The city's support for those in uniform remained visually present throughout the evening as selected individuals highlighted a new effort starting to take root in Mountain Home. Wearing combat boots with their formal evening attire, they sought to raise awareness of the Boot Campaign -- a non-profit veterans relief organization.
The Boot Campaign started in Texas as a "visible and tangible was to draw attention to the need to support our amazing military in more than just a word," the organization said in a prepared statement. It seeks to provide various types of support to active duty military members and veterans, especially those wounded in service to their nation.
Following dinner, the evening's agenda changed direction to focus on recognizing the chamber's man and woman of the year. As in year's past, the names of each winner remained under wraps until the formal presentation.
Looking back at the list of people that previously earned the chamber's yearly honor, Sykes admits he was humbled to be included among these individuals.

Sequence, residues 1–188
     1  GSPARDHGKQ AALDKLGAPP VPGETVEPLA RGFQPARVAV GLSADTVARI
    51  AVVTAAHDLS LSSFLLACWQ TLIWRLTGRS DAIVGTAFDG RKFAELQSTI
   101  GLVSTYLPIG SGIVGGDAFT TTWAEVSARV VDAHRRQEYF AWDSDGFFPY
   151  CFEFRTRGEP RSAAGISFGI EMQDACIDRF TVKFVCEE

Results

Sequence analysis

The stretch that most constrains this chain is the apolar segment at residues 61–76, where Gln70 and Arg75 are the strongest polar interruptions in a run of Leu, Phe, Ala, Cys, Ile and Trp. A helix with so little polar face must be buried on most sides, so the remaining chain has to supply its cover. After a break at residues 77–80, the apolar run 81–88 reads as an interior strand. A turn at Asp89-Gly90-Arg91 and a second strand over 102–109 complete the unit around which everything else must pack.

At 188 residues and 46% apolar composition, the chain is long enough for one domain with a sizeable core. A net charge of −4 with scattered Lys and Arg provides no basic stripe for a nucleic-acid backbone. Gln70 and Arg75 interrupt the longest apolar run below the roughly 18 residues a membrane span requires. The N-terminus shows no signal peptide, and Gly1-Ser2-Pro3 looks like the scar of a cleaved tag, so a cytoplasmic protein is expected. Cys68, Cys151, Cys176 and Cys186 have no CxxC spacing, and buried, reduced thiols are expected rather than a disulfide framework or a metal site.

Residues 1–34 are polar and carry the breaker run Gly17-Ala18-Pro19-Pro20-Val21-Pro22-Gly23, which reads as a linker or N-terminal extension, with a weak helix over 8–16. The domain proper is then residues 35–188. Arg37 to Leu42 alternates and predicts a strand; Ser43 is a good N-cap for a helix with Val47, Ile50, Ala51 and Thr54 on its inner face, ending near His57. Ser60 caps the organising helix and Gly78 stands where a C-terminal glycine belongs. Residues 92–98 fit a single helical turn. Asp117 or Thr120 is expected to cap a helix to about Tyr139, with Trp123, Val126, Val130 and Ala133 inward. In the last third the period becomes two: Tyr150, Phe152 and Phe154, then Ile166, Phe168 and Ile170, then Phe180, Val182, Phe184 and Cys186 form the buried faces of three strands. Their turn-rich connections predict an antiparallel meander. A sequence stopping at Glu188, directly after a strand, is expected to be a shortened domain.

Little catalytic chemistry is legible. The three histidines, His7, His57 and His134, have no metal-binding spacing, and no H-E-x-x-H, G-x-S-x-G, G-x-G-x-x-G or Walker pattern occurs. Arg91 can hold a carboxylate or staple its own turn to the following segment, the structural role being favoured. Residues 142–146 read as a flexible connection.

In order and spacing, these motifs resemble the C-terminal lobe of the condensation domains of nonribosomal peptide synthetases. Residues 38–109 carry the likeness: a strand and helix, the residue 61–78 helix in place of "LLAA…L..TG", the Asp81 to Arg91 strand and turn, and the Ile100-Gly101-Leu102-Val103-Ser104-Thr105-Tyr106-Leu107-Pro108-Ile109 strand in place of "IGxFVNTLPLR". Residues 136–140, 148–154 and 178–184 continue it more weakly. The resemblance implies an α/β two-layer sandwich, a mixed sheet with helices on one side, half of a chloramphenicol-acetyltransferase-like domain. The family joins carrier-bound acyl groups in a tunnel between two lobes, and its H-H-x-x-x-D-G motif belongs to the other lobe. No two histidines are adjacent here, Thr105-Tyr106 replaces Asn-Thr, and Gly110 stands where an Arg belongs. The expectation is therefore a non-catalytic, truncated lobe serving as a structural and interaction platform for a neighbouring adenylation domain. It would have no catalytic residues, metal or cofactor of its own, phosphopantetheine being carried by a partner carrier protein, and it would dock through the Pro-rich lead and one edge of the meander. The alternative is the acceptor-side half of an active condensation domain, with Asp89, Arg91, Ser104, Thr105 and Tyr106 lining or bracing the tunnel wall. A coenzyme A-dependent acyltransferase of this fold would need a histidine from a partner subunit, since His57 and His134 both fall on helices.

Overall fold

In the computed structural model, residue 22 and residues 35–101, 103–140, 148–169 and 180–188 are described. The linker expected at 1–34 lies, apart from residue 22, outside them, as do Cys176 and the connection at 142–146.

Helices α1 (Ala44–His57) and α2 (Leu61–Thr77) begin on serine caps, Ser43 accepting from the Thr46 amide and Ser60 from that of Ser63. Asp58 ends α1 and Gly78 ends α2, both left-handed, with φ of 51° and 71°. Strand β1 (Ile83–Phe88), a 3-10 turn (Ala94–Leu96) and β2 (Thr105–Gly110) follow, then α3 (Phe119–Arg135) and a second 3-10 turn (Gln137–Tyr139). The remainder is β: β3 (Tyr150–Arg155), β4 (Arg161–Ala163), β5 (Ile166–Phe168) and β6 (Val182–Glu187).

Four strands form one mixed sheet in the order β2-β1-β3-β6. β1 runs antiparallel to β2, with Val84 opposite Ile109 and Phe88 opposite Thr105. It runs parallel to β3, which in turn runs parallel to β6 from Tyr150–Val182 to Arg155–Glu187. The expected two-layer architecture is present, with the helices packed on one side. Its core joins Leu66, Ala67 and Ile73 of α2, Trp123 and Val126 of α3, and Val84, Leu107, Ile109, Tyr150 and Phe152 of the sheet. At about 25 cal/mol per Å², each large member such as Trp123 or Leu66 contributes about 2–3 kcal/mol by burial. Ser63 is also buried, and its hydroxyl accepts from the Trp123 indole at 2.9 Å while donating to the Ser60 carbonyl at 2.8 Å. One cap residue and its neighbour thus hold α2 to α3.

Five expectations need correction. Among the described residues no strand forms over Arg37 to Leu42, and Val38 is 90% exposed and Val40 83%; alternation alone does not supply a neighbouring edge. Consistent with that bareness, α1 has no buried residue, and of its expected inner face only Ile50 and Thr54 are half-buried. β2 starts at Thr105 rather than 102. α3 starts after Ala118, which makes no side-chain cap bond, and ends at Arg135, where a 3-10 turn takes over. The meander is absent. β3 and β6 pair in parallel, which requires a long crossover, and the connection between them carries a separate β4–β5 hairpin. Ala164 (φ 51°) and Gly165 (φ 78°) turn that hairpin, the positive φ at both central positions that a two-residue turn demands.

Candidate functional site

"Those people were 'doers and makers' that made Mountain Home a great community," he said.
Selfless individuals with big hearts, these role models never complain about the amount of work needed to make a difference in the community, he added. They get involved to make great things happen.
"They put themselves out there to make this community the best it can be," Sykes said.
Over the years, he's remained heavily involved in the local Lions Club while helping to raise money through various fundraisers like bowling tournaments to benefit non-profit organizations here.
"When you see the rest of the community get involved in something, you can't help but get involved as well," he said. "It's like catching a cold, but it's something you don't want to get rid of."
In recent years, he's remained heavily involved in the Gunfighter Skies open house at the nearby Air Force base.
"I enjoy how the city and base have this cohesive relationship, and I love showing that to the rest of the state," he said.
Held once every two years, the military open house "gives our airmen -- our nation's fighting force -- much-deserved kudos," he said.
Bermensolo admits being caught off guard after she realized she was the one selected for the woman of the year title.
"It takes a while to filter through (your head) that they're not talking about someone similar to you, but that they're actually talking about you," she said. "I'm still a bit shell shocked."
Reluctant to stand in the spotlight herself, she prefers standing "in the background" to make this community a better place to live.
Reflecting on the award's significance, she considers it a way to acknowledge "very good people that give back to their community" without asking for anything in return, she said.